As a youngster, his affinity for music and skill at the piano made a career in music seem likely. His father held various positions in the evangelical church, and throughout grammar school Hans would play organ for church ser- vices. His tastes, however, were as broad as his talents and he was equally at ease improvising jazz as performing a piano sonata. His musical aptitude overshadowed an indifference for church religion, although he did gain a thorough knowledge of the bible during this time. He also developed a life-long interest, and formidable command of both classical and modem history, as well as becoming proficient in Greek and Latin.

His love of the arts was evidenced by continuous study of the works of Leonardo da Vinci and Raphael, music through the works of Mozart and Wagner (as well as jazz), and philosophy via Plato, Aristotle, Heraclitus and Nietsche. The scientific approach of Goethe was also a powerful influence upon him. He was a tireless observer of the natural world, especially animals. In later life, as a scientist and lecturer his travels took him all over the world, and he never missed an opportunity to visit zoological gardens, whether in his hometown of Basel, Switzerland, or in some distant city. He loved to travel, and had an insatiable desire to really "know" the places he would visit. Two of his favorites were the Engardin in the town of St. Maurice in the Swiss Alps, and, quite appropriately, the town of Florence, Italy, which, in its day, was the center of the Renaissance.

He was a most entertaining man whose sharp wit was tempered with heartfelt compassion. This was to serve him greatly in what was to become his primary profession as a family physician in the village of Dornach. His practice spanned more than 30 years and ranged from making "house calls" to local farmers {occasionally even treating their animals), to seeing prominent socialites at his clinic in the nearby city of Basel. With his breadth of interest, sense of humor, and his positively magnetic personality, he could quickly develop rapport with just about anyone, and his vibrancy was so infectious that no sooner did he enter the room than his patients would feel better!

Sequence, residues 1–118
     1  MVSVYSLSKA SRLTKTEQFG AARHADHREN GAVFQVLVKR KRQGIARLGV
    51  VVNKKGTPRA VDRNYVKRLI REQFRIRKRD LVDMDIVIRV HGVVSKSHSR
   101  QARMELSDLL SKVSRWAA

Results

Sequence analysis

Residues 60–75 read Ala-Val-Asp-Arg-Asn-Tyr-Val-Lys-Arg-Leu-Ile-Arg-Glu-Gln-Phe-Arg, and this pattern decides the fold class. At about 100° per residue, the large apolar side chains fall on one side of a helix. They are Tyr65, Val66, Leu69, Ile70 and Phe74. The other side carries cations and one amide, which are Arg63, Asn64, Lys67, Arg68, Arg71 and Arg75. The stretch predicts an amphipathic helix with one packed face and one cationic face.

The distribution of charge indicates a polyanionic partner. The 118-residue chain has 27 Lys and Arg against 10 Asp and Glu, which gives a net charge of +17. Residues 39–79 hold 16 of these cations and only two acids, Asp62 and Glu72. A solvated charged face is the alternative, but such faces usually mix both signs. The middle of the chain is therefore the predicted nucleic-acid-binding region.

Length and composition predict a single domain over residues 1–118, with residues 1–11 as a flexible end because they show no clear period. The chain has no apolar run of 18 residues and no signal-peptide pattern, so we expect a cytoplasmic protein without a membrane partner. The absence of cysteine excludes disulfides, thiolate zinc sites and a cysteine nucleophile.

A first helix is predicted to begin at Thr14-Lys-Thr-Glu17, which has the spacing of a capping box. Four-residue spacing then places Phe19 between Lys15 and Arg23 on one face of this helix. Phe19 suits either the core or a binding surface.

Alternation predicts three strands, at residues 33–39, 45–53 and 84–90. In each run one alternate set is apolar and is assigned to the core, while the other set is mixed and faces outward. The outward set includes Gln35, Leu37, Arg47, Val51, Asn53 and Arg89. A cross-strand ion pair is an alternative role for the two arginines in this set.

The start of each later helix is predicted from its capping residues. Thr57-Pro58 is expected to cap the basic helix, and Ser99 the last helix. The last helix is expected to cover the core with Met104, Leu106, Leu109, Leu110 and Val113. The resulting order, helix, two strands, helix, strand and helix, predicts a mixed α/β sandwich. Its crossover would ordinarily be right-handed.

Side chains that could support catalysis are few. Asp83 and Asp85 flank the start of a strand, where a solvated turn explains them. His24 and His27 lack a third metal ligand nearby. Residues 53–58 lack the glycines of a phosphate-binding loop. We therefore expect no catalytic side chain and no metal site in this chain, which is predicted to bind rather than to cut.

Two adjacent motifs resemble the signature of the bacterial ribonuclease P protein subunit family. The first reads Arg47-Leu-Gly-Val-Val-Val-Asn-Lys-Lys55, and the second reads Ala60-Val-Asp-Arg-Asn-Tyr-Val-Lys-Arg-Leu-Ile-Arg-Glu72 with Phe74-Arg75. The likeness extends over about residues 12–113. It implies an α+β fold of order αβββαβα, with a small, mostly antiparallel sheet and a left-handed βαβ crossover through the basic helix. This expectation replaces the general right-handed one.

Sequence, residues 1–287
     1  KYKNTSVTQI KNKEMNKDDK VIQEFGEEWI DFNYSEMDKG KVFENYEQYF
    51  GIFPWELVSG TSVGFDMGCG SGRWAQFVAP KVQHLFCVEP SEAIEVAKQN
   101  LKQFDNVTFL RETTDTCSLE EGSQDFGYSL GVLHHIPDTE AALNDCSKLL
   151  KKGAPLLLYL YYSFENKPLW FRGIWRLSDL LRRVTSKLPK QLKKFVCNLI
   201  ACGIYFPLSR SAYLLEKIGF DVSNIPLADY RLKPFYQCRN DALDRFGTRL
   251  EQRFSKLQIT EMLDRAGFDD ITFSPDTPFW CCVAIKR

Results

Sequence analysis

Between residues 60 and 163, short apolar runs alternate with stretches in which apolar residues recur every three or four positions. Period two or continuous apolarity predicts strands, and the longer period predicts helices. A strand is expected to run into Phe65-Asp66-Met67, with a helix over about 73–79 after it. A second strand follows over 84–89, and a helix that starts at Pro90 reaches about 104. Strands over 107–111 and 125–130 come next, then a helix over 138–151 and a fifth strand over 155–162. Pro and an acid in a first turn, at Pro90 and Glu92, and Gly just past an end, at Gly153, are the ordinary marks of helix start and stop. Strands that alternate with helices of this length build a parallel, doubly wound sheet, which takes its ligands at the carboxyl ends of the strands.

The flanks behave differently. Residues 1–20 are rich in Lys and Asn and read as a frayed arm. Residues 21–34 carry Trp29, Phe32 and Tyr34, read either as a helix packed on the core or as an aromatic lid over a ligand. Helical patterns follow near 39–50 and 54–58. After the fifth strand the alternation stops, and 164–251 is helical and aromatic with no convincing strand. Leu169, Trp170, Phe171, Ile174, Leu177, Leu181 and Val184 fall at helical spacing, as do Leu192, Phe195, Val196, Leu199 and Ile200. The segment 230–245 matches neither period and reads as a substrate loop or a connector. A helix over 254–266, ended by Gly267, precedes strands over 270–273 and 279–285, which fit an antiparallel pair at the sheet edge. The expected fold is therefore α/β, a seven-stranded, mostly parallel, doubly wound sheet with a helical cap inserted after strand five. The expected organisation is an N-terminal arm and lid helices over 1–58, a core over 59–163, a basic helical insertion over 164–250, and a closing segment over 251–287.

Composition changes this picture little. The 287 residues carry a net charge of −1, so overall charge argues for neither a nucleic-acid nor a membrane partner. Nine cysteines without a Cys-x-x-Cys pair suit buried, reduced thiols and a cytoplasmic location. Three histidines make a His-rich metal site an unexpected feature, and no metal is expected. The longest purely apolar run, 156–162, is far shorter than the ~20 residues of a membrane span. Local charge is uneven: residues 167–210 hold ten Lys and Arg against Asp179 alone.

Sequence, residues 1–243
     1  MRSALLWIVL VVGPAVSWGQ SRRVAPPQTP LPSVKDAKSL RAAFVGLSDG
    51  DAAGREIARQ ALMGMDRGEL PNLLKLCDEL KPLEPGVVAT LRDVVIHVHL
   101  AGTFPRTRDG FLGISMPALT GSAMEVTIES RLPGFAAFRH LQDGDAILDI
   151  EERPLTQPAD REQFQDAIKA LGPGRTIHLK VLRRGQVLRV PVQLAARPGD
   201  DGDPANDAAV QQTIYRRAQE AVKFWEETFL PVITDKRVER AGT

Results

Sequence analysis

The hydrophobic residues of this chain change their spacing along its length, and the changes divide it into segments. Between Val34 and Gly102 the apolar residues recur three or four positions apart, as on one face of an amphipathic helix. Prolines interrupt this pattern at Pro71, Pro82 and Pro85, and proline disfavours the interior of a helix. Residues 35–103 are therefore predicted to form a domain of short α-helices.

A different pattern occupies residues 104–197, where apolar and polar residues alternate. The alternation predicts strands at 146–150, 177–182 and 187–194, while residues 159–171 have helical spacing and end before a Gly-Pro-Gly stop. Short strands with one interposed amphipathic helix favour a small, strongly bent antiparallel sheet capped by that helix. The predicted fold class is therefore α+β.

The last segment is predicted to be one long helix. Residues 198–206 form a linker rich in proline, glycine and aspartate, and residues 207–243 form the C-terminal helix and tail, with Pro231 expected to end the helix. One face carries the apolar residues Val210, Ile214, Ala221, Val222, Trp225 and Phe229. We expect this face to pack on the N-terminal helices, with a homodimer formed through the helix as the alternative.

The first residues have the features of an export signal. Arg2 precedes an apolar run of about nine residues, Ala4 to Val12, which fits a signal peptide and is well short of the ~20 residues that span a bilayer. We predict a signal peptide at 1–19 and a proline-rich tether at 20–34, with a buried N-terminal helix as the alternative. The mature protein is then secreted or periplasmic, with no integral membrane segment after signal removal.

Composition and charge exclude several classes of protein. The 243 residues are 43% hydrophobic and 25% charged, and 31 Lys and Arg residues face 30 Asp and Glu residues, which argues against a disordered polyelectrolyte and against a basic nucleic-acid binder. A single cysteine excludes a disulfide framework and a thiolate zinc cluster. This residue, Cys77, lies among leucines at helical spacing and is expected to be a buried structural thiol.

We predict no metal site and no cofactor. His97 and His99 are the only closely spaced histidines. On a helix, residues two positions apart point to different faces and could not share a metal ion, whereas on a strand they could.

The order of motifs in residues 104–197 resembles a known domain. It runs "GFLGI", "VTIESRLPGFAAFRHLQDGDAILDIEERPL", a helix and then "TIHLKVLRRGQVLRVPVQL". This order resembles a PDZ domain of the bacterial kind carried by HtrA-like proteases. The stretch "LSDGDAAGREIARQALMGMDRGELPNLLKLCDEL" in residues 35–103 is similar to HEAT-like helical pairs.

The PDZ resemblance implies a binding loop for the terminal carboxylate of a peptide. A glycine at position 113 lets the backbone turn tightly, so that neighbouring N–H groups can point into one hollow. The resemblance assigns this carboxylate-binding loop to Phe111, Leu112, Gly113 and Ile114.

One of his most prized possessions was a pair of binoculars which his father had given him as a boy. Though nothing fancy, he always carried them with him on his many sojourns around the world. His keen eyes, schooled in the Goethean mode of observing nature, were his primary tools in his relentless pursuit of the hidden laws of life. His acute perceptivity was already evident as a schoolboy when he would go on ornithological excursions in the Swiss countryside outside of Basel. He quickly learned to recognize and identify every bird in the vicinity by both its appear- ance and its call! Since early childhood he had liked to draw and to paint, primarily animals and their environs. This "hobby"' grew to become an absolute inner necessity for him throughout his later life.

He painted with oils on canvas, and also on composition board, the latter being larger images often 3' x 5' or greater. He never copied nature. Rather he would absorb impressions whose motifs would then gestate within him, sometimes for years, until they emerged in a controlled explosion of creativity, color and form. Even these larger works seldom took more than an hour or two for him to complete.